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Who's man enough?
by Krystal Bick
May 13, 2009 | 1448 views | 0 0 comments | 14 14 recommendations | email to a friend | print
Tribune/Krystal Bick- "Miss Bible Belt" shows off her "talent" during a dress rehearsal of the upcoming play "Pageant" opening Friday at Bruka Theatre in Reno. "Pageant" is a parody of a beauty pageant with all male actors.
Tribune/Krystal Bick- "Miss Bible Belt" shows off her "talent" during a dress rehearsal of the upcoming play "Pageant" opening Friday at Bruka Theatre in Reno. "Pageant" is a parody of a beauty pageant with all male actors.
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Tribune/Krystal Bick- Leave it to "Miss Industrial Northeast" to play a little accordion during the talent portion of the dress rehearsal for "Pageant." "Pageant" is a parody play of beauty pageants with all male actors opening Friday at Bruka Theatre in Reno.
Tribune/Krystal Bick- Leave it to "Miss Industrial Northeast" to play a little accordion during the talent portion of the dress rehearsal for "Pageant." "Pageant" is a parody play of beauty pageants with all male actors opening Friday at Bruka Theatre in Reno.
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“Who will be the next Miss Glamoresse?”

Cue six men, dressed as women, all with flamboyantly entertaining personalities and one epic battle for the crown of the Miss Glamoresse competition and you’ve got yourself a seat at Brüka Theatre in downtown Reno for the upcoming production of “Pageant” — a tongue-in-cheek look at the alluring, and not so alluring, world of beauty pageants.

Naturally, directing six different über diva personalities isn’t easy, but someone has to do it. And director Mary Bennett is the one for the job.

“It’s a very, very fun play with a heart,” Bennett said, explaining that the musical unfolds as a beauty competition, complete with an emcee and commercial spots. “It’s a great show for theaters to do.”

The contestants, including the likes of “Miss Texas,” “Miss Bible Belt” and “Miss Industrial Northeast” (with accents and Bible thumping to prove it) compete in the typical evening gown, talent and swimsuit portions of the show.

The catch?

“There is audience participation,” Bennett said, referring to five different seats where certain audience members will sit in as judges and be able to pick and choose their very own Miss Glamoresse. “It changes every night, depending on who is eliminated and who wins.”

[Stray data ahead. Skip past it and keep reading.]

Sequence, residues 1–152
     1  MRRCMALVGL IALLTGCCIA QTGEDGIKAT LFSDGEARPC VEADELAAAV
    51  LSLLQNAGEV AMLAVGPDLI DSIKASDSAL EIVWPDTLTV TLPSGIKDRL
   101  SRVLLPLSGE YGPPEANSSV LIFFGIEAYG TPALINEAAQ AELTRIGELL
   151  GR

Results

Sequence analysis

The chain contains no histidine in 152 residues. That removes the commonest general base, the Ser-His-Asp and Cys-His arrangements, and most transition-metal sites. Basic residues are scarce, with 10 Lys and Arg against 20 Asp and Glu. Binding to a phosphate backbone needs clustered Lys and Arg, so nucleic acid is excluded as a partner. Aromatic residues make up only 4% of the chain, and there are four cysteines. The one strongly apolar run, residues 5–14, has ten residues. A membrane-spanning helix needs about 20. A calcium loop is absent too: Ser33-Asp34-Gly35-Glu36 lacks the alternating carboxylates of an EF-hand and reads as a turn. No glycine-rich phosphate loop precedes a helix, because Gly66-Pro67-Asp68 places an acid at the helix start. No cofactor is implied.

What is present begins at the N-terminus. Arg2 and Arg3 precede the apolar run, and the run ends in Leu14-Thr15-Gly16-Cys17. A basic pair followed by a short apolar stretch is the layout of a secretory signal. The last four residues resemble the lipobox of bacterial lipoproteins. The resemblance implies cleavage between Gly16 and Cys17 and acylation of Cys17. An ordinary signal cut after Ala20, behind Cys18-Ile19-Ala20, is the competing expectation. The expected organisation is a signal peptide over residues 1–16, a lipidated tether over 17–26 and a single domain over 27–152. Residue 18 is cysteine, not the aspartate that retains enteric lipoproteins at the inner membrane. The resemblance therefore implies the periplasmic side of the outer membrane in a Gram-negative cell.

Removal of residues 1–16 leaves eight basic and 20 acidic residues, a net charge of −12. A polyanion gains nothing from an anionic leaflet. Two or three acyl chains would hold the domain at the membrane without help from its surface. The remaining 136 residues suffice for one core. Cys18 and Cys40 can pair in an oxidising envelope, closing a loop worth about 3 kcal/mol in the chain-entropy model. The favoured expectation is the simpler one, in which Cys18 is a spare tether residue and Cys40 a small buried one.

In preparation, Bennett said she wanted to make the distinction that “Pageant” isn’t about men in drag, rather men looking and becoming the parts of women.

“These are men playing the roles of women,” Bennett said, explaining great efforts were taken with hair, makeup and outfits to not look ostentatious, but instead more realistic. “It’s about having a good sense of humor about yourself and our world.”

Originally written by playwrights Bill Russell and Frank Kelly, “Pageant” was an instant winner when Bennett first read it through a few years back. Her only setback, though, was that she had never been involved with pageants growing up and never had a chance to see how they really work.

“I like the comedy side of it (pageants),” Bennett said. “I like the making-fun-of-society part of it. I don’t know about the other side.”

To address this problem, Bennett invited several pageant experts and coaches to instruct her “girls” on posture, waves and how and when to smile for audiences for authenticity’s sake.

“I’ve loved watching these guys develop into these different pageant characters,” Bennett said. “They’ve really given depth to their characters. I love watching them ‘bring it.’ ”

And despite somewhat of a late start with casting, Bennett said the production is sure to please audiences with live singing, choreographed dancing and a hand puppet or two.

“We’re poking fun of the times,” Bennett said, referring to how certain lyrics or jokes will play off the notion of a “man’s world.”

“But it’s not overly feminist,” she added. “We really make fun of everybody and people need to laugh right now, they really do.”

“Pageant” opens Friday and runs until June 13. Shows begin at 8 p.m. with one matinee showing on May 24 starting at 2 p.m. Tickets are $20 for general admission, $18 for students and seniors and $25 at the door.



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